* Takos Panchos - Basilio Badillo, 166 approximate. Right next door to Cafe de Olla has awesome Al Pastor tacos for about $1USD each! Opens around 5pm and is open late.
* Super Pollo - Calle Insurgentes and Francisco I. Madero. Whole chickens with Salsa, tortillas and many other side dishes. On Tuesday and Thursdays they have 2 for 1. 2 whole chickens with sides for $10USD. Across the street is a different chicken restaurant that is a chain with similar deals. Shop local though.
* La Joya de Mismaloya - Eat with your toes in the sand and a cold Corona in your hand. Any of these quaint beach side restaurants will delight you with some fantastic and authentic local seafood dishes. Some recommendations: Shrimp empanadas, Pescado Sarandeado, Tostadas de Ceviche de Camaron.
* Coffee Cup - Rudolfo Gomez 146 (near Olas Atlas Street). 222-8584. An American-style coffee house that serves espresso, latte and cappucino with local baked goods. It is still rare to find this type of coffee in Puerto Vallarta. Local art is displayed on the walls.
* Esquina de los Caprichos - Miramar 402. 222-0911. Open 1 -10PM. Closed Sundays. Spanish and Basque tapas. A few dishes and a glass of sangria is around $17 USD.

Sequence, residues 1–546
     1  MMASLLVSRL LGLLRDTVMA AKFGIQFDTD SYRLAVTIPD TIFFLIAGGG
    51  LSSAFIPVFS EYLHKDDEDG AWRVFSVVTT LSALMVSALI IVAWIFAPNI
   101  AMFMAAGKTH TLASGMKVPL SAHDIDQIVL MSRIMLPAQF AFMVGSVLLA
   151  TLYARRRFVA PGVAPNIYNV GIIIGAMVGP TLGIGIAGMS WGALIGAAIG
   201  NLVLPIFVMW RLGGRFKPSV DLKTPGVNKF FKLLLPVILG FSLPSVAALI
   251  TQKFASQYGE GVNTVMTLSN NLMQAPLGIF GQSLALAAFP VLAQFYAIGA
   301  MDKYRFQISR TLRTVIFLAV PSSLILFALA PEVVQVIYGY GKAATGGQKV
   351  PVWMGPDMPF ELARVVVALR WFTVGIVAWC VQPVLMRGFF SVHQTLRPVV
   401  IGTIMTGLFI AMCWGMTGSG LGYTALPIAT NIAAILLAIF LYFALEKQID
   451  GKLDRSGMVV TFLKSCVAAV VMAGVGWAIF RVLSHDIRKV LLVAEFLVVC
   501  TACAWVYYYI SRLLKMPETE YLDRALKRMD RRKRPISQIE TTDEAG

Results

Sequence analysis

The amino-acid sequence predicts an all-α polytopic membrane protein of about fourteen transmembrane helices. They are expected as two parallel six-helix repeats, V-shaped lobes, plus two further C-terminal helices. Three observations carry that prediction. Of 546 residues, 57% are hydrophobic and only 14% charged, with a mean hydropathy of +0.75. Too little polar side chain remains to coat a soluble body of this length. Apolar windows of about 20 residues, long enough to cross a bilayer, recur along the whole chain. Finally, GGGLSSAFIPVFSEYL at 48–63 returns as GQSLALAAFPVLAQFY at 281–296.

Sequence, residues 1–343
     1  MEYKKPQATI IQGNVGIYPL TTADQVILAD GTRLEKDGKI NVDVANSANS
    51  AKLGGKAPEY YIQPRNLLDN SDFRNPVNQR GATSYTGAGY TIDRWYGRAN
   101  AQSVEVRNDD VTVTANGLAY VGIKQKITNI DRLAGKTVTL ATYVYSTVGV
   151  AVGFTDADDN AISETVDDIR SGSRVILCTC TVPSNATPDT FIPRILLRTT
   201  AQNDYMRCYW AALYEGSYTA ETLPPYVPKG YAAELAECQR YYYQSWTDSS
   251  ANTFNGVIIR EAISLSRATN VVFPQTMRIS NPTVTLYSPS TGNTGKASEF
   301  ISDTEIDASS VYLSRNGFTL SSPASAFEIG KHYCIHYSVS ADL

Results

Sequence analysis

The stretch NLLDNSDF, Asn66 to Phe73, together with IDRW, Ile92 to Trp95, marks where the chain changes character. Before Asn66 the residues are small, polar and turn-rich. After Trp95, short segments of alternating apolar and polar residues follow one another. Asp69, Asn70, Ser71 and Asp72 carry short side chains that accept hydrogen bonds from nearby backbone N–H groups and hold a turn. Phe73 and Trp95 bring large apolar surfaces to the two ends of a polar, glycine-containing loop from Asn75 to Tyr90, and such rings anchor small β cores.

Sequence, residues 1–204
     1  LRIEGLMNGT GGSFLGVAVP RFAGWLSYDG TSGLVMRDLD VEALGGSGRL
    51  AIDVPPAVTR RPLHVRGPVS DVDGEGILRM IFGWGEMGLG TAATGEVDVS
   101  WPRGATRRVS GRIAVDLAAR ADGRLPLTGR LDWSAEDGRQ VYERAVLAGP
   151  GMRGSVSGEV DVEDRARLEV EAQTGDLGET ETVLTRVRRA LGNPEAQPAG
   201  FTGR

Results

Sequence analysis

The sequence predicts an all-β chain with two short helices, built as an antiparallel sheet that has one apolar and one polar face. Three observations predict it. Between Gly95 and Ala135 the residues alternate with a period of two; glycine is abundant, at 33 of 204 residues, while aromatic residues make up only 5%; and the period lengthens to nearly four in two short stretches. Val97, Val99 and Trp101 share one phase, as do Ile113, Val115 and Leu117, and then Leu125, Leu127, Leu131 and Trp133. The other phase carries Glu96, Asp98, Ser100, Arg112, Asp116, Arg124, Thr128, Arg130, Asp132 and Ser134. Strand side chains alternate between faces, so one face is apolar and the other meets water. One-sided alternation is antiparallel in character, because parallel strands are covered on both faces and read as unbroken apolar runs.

* La Cigale French bistro - Hidalgo #398 . 222 7938 . open 5pm-12am. An inspiring menu featuring a great selection of French bistro gems with a South of France touch
* Mr. Pulpo - Basilio Badillo #219 - 222 2598 - a casual Seafood restaurant with fresh fish, octopus, calmars, shrimps, mussels any style at affordable prices. Also propose great meats and delicious cocktails.
* Tia Katrina - A hip take on traditional food. Appetizers from $5, mains from $9 USD. The Tortilla Soup is recommended.
* Red Cabbage - Rivera del Rio 204A. 223-0411. A funky restaurant up the hill from the main streets in the Zona Romantica. It is themed on Frida Kahlo and features pre-hispanic recipes. Dinners from $15 - $25 USD.
* Alaska's Diner - Lazaro Cardenas 515 ("near the tunnel"). Closed Sundays. American comfort food, award-winning chili, and International dishes. Dishes from $25 - $120 pesos.
* Barcelona Tapas - Matamoros & de Octubre, Downtown. Open for Lunch and Dinner, 12-noon to 11:30 pm (Every Day). Accept only American Express, Cash and, traveller's Checks (with ID) - do not accept Visa or Mastercard. Link: http://www.barcelonatapas.net/coupons.htm
Just as the name implies they serve fajitas. Not just any fajitas, the best I have personally ever tasted. With over 10 varieties you cannot go wrong visiting this restaurant in old town Puerto Vallarta. This restaurant offers a quiet setting and great food. If you are in the mood to savor the best fajitas this is the spot.